However, she feels stifled and trapped in the marriage with de Chelles and his very traditional family, and when Moffatt turns up yet again to buy some of the de Chelles family antiques heirlooms, Undine can see that he has become a very rich and even influential man. She proposes a secret affair with him – which he refuses, insisting on a proper marriage.
As the novels ends, Undine is re-married to Moffatt and lives at the pinnacle of New York society – but she is already becoming bored with her fourth husband and realises that there are some echelons of society to which she will never be able to aspire.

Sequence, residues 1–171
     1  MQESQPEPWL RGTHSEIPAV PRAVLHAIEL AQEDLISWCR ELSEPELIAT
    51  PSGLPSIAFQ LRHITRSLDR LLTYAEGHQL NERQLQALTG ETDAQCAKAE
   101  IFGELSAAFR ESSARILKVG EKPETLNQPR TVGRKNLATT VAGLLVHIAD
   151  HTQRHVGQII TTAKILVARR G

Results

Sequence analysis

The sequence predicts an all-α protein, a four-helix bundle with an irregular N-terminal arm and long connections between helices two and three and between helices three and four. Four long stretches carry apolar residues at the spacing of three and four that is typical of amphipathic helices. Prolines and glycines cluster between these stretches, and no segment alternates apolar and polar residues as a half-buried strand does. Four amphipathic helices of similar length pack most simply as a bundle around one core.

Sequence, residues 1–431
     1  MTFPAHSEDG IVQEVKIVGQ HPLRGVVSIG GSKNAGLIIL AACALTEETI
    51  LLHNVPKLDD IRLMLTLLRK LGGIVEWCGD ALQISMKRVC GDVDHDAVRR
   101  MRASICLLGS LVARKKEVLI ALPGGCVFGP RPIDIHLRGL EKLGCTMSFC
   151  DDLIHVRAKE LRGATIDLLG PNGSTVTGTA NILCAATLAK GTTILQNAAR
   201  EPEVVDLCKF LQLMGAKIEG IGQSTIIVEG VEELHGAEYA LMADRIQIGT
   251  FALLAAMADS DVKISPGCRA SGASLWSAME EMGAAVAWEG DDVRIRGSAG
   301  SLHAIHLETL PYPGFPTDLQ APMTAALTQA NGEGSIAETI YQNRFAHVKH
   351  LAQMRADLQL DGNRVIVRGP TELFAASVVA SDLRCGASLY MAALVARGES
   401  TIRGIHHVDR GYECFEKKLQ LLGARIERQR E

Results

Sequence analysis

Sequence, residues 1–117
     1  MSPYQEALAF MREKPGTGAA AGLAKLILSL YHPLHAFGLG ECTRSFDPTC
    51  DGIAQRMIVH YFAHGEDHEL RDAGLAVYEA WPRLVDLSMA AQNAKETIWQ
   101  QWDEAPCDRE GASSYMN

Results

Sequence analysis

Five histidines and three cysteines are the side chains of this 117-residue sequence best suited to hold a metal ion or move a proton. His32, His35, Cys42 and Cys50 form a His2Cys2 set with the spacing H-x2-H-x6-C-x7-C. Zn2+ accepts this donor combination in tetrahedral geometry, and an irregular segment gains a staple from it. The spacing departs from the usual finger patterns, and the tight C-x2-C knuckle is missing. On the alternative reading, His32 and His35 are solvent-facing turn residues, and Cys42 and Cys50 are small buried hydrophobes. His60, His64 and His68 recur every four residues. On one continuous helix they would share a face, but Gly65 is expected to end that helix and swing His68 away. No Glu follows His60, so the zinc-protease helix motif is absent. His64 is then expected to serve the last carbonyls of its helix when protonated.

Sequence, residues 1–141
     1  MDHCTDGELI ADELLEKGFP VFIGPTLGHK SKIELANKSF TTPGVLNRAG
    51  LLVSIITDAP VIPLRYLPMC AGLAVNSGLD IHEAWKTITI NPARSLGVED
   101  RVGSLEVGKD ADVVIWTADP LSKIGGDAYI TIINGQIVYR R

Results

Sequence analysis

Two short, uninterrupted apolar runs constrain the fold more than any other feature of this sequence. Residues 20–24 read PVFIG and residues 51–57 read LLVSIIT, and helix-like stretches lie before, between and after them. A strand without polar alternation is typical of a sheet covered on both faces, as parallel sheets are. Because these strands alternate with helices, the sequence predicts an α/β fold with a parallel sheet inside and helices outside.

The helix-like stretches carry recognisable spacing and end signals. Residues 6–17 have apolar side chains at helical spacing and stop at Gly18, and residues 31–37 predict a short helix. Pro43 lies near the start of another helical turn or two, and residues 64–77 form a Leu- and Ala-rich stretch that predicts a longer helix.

|Undine Spragg||a social climber from midwest USA|
|Abner Spragg||her indulgent father, a financier|
|Leota Spragg||her indulgent mother|
|Ralph Marvell||poetic aspirations, lightweight son of old New York family|
|Mrs Heeny||manicurist, masseuse, and confidant to Mrs Spragg|
|Elmer Moffatt||business man from Undine’s provincial past|
|Peter Van Degan||rich, loud, boorish socialite|
|Clare Van Degan||his wife, who is in love with Ralph|
|Raymond de Chelles||a French aristocrat with a traditional family|
|Paul Marvell||Undine and Ralph’s son, who lives with his father, then his stepfather|
|Claud Washingham Popple||a society artist who paints Undine’s portrait|
Edith Wharton at her writing desk
Louis Auchincloss, Edith Wharton: A Woman of her Time, New York: Viking, 1971,
Elizabeth Ammons, Edith Wharton’s Argument with America, Georgia: University of Georgia Press, 1982, pp.222. ISBN: 0820305138
Janet Beer, Edith Wharton (Writers & Their Work), New York: Northcote House, 2001, pp.99, ISBN: 0746308981